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Washington State University
WSU Research National Security

National security

Fundamental research to protect America

The challenge

The 2015 U.S. National Security Strategy presents a vision for protecting U.S. interests in an insecure world. Notable elements include preventing the spread of weapons of mass destruction, strengthening America’s critical infrastructure (energy systems, roads, bridges, water systems, and more), and reducing hunger. Also included is the need to prevent, detect, and rapidly respond to biological threats through the Global Health Security Agenda.

WSU’s role in the solution

Working across disciplines, WSU scholars conduct fundamental research that specifically addresses national security challenges.

Preserving strategic stability

WSU hosts the U.S. Department of Energy (DOE) National Nuclear Security Administration (NNSA) Institute for Shock Physics, one of the world’s premier university laboratories for the study of matter at extreme conditions. In addition, scientists in WSU’s Nuclear Radiation Center collaborate with U.S. Department of Energy national laboratories.

Strengthening America’s Infrastructure

WSU’s Institute for Sustainable Design pioneers changes to the design and construction of the built environment. The Composite Materials and Engineering Center develops new building materials from a range of recycled and virgin resources.

Reducing hunger

WSU researchers across many disciplines take aim at the tragedy of world hunger, the number one risk to health worldwide.1 For example, the Center for Sustaining Agriculture and Natural Resources seeks ways to make food production sustainable in the face of climate change.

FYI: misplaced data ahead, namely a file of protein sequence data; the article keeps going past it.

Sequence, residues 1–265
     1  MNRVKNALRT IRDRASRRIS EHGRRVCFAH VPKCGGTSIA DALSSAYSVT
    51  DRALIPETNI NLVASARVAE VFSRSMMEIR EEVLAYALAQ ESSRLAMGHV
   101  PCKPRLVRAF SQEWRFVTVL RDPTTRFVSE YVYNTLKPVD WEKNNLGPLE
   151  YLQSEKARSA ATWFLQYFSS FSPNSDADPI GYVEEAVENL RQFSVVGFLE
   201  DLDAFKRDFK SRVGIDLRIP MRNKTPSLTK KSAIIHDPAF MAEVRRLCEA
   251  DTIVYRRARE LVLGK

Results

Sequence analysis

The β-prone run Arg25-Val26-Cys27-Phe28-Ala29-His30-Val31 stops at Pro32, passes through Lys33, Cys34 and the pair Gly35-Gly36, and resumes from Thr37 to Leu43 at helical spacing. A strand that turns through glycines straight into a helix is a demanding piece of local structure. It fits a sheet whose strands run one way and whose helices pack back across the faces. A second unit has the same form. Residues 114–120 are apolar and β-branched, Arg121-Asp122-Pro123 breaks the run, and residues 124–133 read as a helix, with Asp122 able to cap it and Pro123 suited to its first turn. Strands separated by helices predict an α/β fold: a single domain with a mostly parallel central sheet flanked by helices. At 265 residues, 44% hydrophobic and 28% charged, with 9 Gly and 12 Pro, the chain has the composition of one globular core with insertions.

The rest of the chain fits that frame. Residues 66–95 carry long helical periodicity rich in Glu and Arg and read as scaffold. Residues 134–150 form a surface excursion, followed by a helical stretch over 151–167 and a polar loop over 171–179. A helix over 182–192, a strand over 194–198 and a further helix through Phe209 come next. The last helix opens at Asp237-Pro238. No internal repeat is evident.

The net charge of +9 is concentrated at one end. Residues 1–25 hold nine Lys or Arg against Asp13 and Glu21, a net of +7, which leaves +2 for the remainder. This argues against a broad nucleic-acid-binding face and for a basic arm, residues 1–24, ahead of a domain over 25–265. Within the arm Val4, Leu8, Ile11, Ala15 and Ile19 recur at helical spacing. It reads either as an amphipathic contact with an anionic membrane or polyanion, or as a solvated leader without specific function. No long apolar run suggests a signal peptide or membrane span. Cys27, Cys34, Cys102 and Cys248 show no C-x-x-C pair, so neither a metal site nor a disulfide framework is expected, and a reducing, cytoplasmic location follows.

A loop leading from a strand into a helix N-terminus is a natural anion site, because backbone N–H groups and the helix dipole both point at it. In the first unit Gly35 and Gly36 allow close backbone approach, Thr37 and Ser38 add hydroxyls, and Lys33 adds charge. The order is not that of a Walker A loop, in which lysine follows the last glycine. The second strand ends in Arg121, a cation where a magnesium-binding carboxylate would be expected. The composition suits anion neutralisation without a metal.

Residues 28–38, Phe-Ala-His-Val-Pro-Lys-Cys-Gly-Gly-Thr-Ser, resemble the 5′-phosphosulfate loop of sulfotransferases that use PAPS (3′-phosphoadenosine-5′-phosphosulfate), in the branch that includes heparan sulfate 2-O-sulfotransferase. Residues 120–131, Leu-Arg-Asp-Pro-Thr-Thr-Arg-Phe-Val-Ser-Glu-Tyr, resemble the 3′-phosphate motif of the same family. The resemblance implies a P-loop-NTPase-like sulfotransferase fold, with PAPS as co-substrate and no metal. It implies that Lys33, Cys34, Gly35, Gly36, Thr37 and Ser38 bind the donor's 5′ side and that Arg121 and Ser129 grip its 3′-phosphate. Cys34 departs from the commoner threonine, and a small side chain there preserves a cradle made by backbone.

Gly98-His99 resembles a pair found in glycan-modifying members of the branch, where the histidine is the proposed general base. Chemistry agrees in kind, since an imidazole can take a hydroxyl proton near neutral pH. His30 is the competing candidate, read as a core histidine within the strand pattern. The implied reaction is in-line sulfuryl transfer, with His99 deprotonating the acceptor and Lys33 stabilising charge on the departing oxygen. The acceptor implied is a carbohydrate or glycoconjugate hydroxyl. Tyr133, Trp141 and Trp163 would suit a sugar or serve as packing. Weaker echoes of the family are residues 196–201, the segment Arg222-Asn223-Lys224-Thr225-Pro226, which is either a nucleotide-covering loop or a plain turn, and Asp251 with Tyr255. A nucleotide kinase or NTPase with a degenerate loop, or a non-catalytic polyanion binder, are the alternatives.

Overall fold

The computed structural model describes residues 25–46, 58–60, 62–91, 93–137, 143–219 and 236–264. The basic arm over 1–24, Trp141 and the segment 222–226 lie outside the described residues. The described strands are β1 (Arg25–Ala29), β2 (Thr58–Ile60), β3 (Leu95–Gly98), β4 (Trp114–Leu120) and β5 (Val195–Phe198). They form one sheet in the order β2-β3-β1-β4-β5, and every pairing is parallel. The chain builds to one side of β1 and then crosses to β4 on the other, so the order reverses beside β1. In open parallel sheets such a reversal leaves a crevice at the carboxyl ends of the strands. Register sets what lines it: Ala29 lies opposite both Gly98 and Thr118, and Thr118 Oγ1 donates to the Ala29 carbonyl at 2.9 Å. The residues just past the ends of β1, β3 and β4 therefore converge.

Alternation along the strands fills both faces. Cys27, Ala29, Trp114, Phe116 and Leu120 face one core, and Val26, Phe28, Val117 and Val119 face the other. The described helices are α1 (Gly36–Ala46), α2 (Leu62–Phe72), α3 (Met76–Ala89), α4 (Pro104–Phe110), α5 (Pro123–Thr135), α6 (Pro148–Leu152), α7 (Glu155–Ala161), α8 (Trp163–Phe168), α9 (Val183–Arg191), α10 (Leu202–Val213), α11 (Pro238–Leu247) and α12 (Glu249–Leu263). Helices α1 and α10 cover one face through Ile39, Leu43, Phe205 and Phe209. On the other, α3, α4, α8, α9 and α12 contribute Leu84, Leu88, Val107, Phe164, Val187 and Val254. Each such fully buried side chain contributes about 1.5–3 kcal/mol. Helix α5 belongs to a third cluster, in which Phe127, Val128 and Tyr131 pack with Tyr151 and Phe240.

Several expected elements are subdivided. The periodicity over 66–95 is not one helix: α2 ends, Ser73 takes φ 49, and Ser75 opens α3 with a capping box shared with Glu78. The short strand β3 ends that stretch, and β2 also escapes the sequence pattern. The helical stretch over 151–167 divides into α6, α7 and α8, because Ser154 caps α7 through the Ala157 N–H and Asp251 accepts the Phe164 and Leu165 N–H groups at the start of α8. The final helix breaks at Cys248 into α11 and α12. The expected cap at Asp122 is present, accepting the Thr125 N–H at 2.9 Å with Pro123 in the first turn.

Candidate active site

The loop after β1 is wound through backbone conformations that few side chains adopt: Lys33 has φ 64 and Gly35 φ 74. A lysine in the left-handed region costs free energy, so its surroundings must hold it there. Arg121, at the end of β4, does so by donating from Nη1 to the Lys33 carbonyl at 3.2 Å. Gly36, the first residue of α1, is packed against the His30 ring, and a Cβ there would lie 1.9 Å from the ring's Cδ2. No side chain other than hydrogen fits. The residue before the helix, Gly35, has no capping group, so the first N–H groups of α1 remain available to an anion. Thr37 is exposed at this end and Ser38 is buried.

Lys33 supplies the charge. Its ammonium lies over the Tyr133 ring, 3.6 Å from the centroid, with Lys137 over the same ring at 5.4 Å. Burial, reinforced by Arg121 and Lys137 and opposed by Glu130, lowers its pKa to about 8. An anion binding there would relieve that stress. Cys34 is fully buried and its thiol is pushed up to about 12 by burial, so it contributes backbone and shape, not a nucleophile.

Addressing biological threats

Scientists in WSU’s Paul G. Allen School for Global Animal Health work to control the emergence and spread of antibiotic resistance worldwide. They also develop novel methods to predict and control life-threatening infectious diseases that originate in animals. They create vaccines to control major diseases in livestock that cripple economic progress in developing nations.

1. World Food Programme

Within this Grand Challenge, scholars address several research themes, touching on issues like these:

Matter at extreme conditions

Its application to fundamental science and support of U.S. nuclear security

  • Fundamental material properties at extremes of temperature and pressure
  • Computational materials science
  • Advancing nuclear nonproliferation and nuclear safeguard goals through basic research

More about matter at extreme conditions

  • A photo of Yogendra Gupta talking to students in a lab Research with impact

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Nuclear nonproliferation

Advancing goals and safeguards through basic research

  • Actinide science, which deals with radioactive elements
  • Radioanalytical methods for nuclear forensics and treaty verification

More about nuclear nonproliferation

Advancement of developing countries

Community-based approach to development of agriculture and education to improve quality of life

  • Agricultural extension projects
  • Reforestation
  • Expanded educational opportunities and attainment